Multi-site assessment of rapid, point-of-care antigen testing for the diagnosis of SARS-CoV-2 infection in a low-prevalence setting: A validation and implementation study
Stephen Muhi, Nick Tayler, Tuyet Hoang, Susan A. Ballard, Maryza Graham, Amanda Rojek, Jason C. Kwong, Jason A. Trubiano, Olivia Smibert, George Drewett, Fiona James, Emma Gardiner, Socheata Chea, Nicole Isles, Michelle Sait, Shivani Pasricha, George Taiaroa, Julie McAuley, Eloise Williams, Katherine B. Gibney, Timothy P. Stinear, Katherine Bond, Sharon R Lewin, Mark Putland, Benjamin P. Howden, Deborah A. Williamson
Lancet Regional Health Western Pacific, volume 9, 100115, 1 April 2021. DOI: https://doi.org/10.1016/j.lanwpc.2021.100115
In Australia, COVID-19 diagnosis relies on RT-PCR testing which is relatively costly and time-consuming. To date, few studies have assessed the performance and implementation of rapid antigen-based SARS-CoV-2 testing in a setting with a low prevalence of COVID-19 infections, such as Australia.
This study recruited participants presenting for COVID-19 testing at three Melbourne metropolitan hospitals during a period of low COVID-19 prevalence. The Abbott PanBioTM COVID-19 Ag point-of-care test was performed alongside RT-PCR. In addition, participants with COVID-19 notified to the Victorian Government were invited to provide additional swabs to aid validation. Implementation challenges were also documented.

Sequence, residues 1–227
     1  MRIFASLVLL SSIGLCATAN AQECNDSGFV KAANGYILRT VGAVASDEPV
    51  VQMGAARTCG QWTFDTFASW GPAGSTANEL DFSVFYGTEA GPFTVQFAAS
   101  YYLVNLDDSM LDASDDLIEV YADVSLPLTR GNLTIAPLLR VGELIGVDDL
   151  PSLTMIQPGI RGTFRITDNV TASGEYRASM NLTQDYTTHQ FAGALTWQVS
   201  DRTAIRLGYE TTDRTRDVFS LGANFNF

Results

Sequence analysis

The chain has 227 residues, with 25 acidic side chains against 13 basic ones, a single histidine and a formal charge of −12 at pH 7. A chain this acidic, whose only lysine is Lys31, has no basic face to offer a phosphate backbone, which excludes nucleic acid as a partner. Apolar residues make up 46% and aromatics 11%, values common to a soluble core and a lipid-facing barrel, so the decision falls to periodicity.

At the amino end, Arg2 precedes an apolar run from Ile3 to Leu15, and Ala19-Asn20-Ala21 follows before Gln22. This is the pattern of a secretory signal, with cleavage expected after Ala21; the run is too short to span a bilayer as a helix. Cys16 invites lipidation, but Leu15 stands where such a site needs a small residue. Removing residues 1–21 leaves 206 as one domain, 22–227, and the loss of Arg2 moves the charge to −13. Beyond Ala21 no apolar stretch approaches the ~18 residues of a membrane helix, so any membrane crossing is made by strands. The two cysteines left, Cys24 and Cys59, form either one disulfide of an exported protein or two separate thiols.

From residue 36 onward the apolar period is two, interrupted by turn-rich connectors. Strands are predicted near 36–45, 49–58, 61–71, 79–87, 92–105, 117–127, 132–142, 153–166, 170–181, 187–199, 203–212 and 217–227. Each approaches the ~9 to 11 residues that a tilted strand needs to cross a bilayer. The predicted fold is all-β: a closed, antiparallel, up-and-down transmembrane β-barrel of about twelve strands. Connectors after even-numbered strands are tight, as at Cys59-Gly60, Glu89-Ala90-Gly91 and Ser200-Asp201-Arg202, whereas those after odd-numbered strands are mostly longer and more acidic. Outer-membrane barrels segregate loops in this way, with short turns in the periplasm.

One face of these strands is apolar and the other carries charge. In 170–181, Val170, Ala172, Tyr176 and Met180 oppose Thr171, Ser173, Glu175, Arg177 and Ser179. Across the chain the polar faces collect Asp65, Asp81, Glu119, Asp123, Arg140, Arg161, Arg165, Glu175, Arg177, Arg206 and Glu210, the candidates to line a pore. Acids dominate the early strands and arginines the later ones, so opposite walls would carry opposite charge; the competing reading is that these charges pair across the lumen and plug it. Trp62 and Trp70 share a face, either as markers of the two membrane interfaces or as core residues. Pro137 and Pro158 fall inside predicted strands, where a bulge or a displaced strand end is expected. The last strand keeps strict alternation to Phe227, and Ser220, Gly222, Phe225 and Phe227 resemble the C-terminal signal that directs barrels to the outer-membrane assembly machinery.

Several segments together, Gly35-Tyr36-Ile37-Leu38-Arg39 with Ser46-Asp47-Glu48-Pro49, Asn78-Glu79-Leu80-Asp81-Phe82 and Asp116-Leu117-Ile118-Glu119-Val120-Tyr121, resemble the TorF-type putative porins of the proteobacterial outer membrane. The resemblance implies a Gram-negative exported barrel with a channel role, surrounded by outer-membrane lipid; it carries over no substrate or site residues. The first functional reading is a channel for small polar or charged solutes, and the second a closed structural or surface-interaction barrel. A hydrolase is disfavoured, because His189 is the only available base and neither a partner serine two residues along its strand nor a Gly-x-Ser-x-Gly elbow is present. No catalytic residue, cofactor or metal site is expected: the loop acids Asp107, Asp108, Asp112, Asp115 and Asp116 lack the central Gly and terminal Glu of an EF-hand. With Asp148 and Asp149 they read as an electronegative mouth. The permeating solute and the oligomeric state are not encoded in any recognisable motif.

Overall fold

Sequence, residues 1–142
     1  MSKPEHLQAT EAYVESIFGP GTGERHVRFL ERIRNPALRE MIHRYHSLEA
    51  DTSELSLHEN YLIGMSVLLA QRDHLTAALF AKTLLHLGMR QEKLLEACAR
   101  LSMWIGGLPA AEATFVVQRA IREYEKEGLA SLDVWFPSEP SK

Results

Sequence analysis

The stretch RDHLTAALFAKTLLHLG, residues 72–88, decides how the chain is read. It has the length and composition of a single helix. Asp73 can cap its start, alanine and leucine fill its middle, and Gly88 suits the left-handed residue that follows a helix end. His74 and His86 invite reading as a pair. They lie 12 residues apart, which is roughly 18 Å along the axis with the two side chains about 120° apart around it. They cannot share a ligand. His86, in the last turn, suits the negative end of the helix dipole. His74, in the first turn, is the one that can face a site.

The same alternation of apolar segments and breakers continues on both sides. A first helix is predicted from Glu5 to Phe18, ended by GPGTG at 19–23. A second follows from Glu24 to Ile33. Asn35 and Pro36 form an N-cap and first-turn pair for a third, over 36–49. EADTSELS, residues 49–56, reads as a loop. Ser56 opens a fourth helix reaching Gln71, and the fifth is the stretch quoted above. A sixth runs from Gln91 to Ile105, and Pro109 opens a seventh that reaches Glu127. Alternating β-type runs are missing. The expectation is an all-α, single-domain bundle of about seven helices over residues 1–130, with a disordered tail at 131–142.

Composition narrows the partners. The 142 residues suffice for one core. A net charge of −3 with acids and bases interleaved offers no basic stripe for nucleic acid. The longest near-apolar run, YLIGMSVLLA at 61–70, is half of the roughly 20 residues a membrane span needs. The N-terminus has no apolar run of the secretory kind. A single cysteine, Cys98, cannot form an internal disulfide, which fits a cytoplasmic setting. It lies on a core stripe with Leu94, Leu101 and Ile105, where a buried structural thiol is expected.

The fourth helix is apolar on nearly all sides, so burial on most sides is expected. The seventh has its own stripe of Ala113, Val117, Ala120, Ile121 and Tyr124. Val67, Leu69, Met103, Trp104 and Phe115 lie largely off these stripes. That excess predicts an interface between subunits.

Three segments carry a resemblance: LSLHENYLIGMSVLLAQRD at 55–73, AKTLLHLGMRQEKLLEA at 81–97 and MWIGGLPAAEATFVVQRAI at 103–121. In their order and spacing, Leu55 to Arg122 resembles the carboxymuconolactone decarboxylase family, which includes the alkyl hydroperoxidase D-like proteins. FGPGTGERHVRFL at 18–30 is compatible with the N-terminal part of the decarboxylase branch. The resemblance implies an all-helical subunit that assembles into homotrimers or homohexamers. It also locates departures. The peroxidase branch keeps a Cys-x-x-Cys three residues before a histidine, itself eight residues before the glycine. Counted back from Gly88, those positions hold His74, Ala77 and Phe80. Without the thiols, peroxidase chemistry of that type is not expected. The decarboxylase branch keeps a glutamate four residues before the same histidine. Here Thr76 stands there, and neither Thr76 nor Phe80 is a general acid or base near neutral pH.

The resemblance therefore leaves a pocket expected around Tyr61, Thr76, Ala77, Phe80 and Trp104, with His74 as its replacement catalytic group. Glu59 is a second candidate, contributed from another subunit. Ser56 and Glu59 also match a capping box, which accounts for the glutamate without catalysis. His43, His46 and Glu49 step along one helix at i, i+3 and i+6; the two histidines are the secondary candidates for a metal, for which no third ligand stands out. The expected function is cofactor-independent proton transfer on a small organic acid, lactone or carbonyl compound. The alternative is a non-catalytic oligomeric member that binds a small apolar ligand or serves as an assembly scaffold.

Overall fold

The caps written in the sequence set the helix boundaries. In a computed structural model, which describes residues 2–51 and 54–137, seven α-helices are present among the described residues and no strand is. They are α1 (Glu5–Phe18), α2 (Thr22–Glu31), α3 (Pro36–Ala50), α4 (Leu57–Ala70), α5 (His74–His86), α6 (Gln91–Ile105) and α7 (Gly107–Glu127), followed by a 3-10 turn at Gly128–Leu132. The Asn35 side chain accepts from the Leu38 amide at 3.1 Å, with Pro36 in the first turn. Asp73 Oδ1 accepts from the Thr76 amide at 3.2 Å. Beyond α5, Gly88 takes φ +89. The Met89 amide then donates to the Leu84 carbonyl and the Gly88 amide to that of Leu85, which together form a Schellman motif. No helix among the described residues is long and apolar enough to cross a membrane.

The specificity of the Abbott PanBioTM COVID-19 Ag test was 99.96% (95% CI 99.73 – 100%). Sensitivity amongst participants with RT-PCR-confirmed infection was dependent upon the duration of symptoms reported, ranging from 77.3% (duration 1 to 33 days) to 100% in those within seven days of symptom onset. A range of implementation challenges were identified which may inform future COVID-19 testing strategies in a low prevalence setting.
Given the high specificity, antigen-based tests may be most useful in rapidly triaging public health and hospital resources while expediting confirmatory RT-PCR testing. Considering the limitations in test sensitivity and the potential for rapid transmission in susceptible populations, particularly in hospital settings, careful consideration is required for implementation of antigen testing in a low prevalence setting.